Habanero peppers are mainly appreciated for their extreme hotness or pungency, and most plant inventories focus on variations of capsaicin content among different varieties [5]. However, in general, peppers are considered an alternative source for vitamin C and other antioxidants, and thus these compounds may constitute an added value for their cultivation and human consumption. Antioxidant and other nutrimental properties can widely vary depending on genotype, developmental stage and plant growing conditions. Hence in the present work, we have analyzed the content of carotenoids, chlorophylls, ascorbate and glutathione in the pericarp and placental tissues from three accessions of C. chinense differing in the color of the fruits throughout the maturation process. These accessions were taken from a collection cultivated in the state of Yucatan, which possess the largest genetic diversity in México. Our results provide useful information to choose the best cultivar for human consumption given its nutraceutical value, based on anti–oxidant levels.


Results and Discussion

Pods from accessions MR8H, SBR01 and SBN01 were evaluated at different stages of maturation. Accession MR8H showed the largest variation in color during ripening: immature fruits were light green (1–15 d after anthesis), while the mature ones were bright red (36–45 d after anthesis), with intermediate bright green (16–25 d after anthesis) and orange (26–35 d after anthesis) stages. In contrast, accession SBR01 only turned from light green (1–30 d after anthesis) to bright red (31–45 d after anthesis), whereas accession SBN01, from bright green (1–30 d after anthesis) to orange (31–45 d after anthesis). Color in pepper pods results mainly from the accumulation of chlorophylls and carotenoids, which can function both as antioxidants as well as ultraviolet and visible light protectants [1].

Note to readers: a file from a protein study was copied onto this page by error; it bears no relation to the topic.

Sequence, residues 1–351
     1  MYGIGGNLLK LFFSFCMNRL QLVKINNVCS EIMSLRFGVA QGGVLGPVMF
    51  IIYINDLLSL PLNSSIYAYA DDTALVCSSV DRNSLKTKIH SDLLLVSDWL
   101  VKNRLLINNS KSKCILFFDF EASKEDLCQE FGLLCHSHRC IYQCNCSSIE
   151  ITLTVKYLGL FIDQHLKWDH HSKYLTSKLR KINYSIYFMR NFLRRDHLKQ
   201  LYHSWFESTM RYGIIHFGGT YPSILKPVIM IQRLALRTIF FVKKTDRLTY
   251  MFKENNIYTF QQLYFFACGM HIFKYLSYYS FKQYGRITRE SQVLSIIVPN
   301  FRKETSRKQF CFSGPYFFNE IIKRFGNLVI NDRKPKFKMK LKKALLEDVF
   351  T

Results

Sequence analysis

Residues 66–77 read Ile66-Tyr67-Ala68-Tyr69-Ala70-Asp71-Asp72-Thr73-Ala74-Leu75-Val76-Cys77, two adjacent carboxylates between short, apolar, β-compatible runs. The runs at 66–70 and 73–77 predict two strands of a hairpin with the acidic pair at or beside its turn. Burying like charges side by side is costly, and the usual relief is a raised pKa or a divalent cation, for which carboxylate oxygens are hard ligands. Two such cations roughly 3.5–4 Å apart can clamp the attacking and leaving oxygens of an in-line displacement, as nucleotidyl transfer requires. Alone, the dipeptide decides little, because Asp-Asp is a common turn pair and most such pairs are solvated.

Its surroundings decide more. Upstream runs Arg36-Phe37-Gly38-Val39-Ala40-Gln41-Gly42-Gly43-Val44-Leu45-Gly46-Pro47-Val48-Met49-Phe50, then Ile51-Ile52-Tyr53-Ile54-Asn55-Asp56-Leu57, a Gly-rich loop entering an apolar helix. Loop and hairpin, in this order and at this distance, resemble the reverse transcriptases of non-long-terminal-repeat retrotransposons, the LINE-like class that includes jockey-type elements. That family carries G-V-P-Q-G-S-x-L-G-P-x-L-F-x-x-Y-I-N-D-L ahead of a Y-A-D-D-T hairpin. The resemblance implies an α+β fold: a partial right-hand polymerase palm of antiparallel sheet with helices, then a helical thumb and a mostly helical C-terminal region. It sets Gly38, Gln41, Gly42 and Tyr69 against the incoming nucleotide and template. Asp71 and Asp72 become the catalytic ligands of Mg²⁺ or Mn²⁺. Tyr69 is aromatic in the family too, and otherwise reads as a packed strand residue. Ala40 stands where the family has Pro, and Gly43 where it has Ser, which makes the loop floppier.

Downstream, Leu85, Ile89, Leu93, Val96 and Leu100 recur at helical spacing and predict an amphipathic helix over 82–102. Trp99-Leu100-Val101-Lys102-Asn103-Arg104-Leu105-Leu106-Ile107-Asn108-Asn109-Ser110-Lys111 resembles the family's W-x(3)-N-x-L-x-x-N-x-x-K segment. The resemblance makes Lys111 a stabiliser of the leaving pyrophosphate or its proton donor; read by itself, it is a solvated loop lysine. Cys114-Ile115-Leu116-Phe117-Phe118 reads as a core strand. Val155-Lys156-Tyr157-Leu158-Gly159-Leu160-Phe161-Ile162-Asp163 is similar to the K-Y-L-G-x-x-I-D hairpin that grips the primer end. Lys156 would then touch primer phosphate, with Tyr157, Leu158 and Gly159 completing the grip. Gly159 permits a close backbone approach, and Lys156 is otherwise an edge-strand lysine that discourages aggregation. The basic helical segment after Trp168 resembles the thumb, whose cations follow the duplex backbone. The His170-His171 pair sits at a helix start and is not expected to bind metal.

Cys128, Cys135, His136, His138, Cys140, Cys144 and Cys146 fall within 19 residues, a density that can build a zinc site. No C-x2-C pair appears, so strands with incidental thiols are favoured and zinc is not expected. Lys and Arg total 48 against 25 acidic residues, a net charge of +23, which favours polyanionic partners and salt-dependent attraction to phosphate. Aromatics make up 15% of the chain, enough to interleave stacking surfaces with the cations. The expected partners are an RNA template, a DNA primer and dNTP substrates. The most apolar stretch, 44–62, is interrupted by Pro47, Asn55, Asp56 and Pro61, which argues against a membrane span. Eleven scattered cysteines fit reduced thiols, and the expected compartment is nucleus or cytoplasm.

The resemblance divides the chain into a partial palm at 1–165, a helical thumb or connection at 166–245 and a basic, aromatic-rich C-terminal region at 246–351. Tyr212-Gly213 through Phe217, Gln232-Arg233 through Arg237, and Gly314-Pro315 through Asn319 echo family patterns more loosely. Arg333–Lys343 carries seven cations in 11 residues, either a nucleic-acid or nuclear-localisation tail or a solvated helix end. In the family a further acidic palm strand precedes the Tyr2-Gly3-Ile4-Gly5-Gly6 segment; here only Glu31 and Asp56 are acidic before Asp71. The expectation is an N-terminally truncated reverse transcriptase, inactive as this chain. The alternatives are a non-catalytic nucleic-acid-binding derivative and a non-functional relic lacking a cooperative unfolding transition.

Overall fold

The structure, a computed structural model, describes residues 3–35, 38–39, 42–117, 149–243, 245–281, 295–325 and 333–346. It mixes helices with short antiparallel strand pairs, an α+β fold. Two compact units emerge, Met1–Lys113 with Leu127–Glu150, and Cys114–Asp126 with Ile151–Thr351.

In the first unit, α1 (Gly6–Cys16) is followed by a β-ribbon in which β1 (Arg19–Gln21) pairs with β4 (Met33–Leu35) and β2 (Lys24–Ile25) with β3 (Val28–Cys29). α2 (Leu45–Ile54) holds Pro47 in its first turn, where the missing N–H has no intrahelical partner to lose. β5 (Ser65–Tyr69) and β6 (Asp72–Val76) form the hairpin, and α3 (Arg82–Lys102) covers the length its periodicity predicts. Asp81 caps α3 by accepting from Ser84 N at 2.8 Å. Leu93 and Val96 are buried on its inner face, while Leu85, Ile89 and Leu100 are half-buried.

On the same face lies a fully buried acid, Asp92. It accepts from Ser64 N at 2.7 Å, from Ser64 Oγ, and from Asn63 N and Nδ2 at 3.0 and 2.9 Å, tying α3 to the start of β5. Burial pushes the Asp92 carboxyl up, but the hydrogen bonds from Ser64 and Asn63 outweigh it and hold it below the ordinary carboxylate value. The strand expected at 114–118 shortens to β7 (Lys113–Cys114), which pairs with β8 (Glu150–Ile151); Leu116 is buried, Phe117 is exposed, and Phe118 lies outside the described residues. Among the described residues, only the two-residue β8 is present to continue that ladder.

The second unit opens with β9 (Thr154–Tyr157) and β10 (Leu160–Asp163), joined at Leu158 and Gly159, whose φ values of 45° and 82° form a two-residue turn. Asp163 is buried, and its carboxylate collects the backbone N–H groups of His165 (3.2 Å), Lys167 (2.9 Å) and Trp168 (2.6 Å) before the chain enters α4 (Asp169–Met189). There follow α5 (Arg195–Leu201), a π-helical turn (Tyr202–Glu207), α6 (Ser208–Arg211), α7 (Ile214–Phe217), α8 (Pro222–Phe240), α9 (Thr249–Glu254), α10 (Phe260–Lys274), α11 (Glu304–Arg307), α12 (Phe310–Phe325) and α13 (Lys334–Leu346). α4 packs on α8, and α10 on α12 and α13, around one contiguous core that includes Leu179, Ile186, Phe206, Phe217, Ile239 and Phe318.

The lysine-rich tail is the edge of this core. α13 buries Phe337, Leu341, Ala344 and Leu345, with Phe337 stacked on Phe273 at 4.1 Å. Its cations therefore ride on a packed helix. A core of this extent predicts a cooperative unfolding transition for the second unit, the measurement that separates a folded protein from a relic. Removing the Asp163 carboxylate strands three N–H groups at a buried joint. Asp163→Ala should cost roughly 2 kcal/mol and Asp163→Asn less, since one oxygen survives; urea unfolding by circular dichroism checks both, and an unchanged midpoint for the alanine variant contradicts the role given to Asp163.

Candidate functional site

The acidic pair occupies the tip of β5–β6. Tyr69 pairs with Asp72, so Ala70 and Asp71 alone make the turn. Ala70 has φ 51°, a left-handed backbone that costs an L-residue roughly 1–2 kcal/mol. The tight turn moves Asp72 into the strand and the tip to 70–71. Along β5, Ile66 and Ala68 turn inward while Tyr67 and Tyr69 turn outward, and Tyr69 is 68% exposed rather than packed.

In order to compare the available accessions regarding to their antioxidants' contents, levels of carotenoid, ascorbate and glutathione were analyzed in the pericarp and the placental tissue separately. Both tissues constitute the edible parts of the fruit, being the placenta the one responsible for pepper hotness [6].

Chlorophyll and carotenoid contents in the pericarp and placenta of the fruits from the different accessions at different stages are shown in Table 1. At comparative stages (namely bright green), the MR8H accession accumulated highest contents of total chlorophylls, and even when both MR8H and SBR01 ripen to red, red carotenoid content in the former was twice of those in the second one (Table 1). The main carot–enoids in red pepper pods are capsanthin and capsorubin which display maximal absorbance in the region between 440 and 460 nm [3], coinciding with those observed in the chromatogram from pod extracts (data not shown). Interestingly, orange color in pericarps of SBN01 accession was not due to p–carotene, but to other yellow carotenoids, such as violaxanthin, anthe–raxanthin, lutein and zeaxanthin, that have been found in C. annuum [3].